War Horse is pro forma Spielberg: grand-scale, tug-at-the-heartstrings storytelling, fitted out with vigorous action set pieces, majestic landscape shots, and swelling music (courtesy of John Williams, as usual). A WWI saga set in England and France, it’s a more lavish and romantic war film than Schindler’s List and Saving Private Ryan; Spielberg gives us some grim battle scenes near the end of the film, both in the trenches and in the hell of No Man’s Land, but overall the tone here is serenely heroic rather than brutal, and it’s more Rupert Brooke than Wilfred Owen, if you know what I mean. (Gone With The Wind and John Ford also appear to be influences here.)
Based on the Tony Award-winning play of the same name, the film follows (Black Beauty style) a thoroughbred named Joey from his birth in the Devon countryside and his rearing at the hands of a stubborn-headed farmer’s son to his sale to the British cavalry in 1914 and his eventual reunion with his master, who also has seen action in the trenches. The film’s structure is episodic: Joey rides into battle with a British officer, whereupon they’re taken prisoner by Germans and he becomes the property of two young deserters, and so on. Ingmar Bergman once said that human characters are always interesting, animal characters seldom so (it was one of the reasons why he disliked Bresson’s Balthasar), and while Spielberg coaxes an impressive performance out of the several different animal actors who play Joey, it’s the people in the film who bring it to life. A sequence in which the horse falls into the hands of an elderly French jam-maker and his young granddaughter—who must then hide him from marauding German soldiers—is enchanting stuff, and a exchange between two young men from opposite sides of the trenches (they’ve both crept out into No Man’s Land to disentangle the horse, caught in a mess of barbed wire) is classic Spielberg: a moment of absurd, human tenderness set against an epic backdrop. The influence here seems to be Renoir’s Grand Illusion, the ultimate statement on how war and nations divide men who might otherwise be comrades.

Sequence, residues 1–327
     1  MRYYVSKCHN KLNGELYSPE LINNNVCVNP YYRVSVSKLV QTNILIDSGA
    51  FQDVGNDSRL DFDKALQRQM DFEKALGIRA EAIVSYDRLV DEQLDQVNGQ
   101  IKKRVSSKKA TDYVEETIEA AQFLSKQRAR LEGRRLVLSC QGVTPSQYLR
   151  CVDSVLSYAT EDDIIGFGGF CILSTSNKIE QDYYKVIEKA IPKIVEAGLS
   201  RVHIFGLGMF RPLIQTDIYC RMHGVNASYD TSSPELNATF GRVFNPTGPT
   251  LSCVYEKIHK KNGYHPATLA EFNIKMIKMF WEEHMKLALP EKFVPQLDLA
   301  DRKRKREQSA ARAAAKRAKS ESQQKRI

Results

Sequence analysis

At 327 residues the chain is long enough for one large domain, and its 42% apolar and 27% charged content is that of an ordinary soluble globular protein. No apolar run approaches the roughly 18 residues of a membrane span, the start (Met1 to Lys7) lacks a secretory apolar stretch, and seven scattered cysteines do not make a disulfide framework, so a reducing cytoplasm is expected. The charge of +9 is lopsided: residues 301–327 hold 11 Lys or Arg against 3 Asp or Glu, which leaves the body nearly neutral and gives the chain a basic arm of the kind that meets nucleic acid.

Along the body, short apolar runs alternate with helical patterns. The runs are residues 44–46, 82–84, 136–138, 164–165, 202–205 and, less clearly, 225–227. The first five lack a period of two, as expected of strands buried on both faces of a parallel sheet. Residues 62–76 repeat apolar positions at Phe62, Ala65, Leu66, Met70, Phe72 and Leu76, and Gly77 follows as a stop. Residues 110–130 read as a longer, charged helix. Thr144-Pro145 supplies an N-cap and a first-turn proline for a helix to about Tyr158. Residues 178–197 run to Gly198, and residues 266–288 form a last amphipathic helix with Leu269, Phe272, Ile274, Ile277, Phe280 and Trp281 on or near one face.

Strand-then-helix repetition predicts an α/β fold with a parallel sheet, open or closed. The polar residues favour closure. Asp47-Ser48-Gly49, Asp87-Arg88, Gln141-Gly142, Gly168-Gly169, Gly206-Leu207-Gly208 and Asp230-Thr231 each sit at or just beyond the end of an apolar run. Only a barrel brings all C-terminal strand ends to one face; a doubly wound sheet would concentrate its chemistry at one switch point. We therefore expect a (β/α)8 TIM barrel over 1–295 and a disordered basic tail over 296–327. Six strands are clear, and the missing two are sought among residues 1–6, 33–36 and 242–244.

The film as a whole could use more of the gentle humor of that exchange; Spielberg is more sparing than usual here in doling out the kind of wit that has helped his best films from becoming too soggy. While the unabashed sentimentality of War Horse is well-handled and highly entertaining, as a whole it could use more dimension, more depth. It’s a handsome film, but it feels slight. When Spielberg is gone, will we remember this as one of his best? Will Academy voters even remember it in a few months’ time?